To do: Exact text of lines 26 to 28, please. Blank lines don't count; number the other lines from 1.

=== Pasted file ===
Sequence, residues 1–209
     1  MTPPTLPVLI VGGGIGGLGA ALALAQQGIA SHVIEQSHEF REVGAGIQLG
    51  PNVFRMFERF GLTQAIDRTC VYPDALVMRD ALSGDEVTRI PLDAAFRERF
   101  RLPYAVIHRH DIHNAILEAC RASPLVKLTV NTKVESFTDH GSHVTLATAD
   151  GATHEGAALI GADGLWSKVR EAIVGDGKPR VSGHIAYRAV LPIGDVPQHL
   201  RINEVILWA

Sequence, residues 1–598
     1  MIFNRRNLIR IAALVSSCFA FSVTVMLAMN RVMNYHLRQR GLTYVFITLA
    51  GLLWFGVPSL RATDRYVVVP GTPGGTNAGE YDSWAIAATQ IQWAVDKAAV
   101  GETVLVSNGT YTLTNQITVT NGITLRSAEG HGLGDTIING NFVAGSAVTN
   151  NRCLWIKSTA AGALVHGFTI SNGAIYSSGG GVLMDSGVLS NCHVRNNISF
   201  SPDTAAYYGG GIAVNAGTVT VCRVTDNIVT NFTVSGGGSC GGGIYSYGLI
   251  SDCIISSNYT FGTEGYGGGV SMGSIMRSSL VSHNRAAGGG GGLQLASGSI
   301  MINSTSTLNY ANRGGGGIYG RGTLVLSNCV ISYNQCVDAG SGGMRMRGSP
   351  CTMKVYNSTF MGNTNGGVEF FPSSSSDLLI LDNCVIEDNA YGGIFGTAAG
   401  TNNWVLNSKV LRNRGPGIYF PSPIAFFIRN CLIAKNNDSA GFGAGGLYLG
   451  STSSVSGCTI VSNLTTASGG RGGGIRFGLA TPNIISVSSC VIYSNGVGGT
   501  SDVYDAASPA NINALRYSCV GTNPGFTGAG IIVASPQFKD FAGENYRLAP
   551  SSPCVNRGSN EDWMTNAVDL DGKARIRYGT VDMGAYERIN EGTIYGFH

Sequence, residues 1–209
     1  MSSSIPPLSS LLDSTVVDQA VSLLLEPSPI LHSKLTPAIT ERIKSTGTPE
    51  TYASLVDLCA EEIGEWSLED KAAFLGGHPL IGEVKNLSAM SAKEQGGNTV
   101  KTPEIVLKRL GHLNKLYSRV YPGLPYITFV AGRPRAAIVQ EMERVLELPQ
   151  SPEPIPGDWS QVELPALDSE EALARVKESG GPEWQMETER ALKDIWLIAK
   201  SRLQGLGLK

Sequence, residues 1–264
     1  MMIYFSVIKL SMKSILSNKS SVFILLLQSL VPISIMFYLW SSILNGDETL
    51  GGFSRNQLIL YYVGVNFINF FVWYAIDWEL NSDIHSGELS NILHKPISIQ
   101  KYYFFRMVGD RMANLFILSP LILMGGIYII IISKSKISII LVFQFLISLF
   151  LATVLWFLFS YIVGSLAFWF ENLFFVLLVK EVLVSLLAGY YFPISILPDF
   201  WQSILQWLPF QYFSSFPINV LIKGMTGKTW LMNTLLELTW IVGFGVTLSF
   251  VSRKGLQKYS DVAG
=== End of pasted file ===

Sequence, residues 1–264
     1  MMIYFSVIKL SMKSILSNKS SVFILLLQSL VPISIMFYLW SSILNGDETL
    51  GGFSRNQLIL YYVGVNFINF FVWYAIDWEL NSDIHSGELS NILHKPISIQ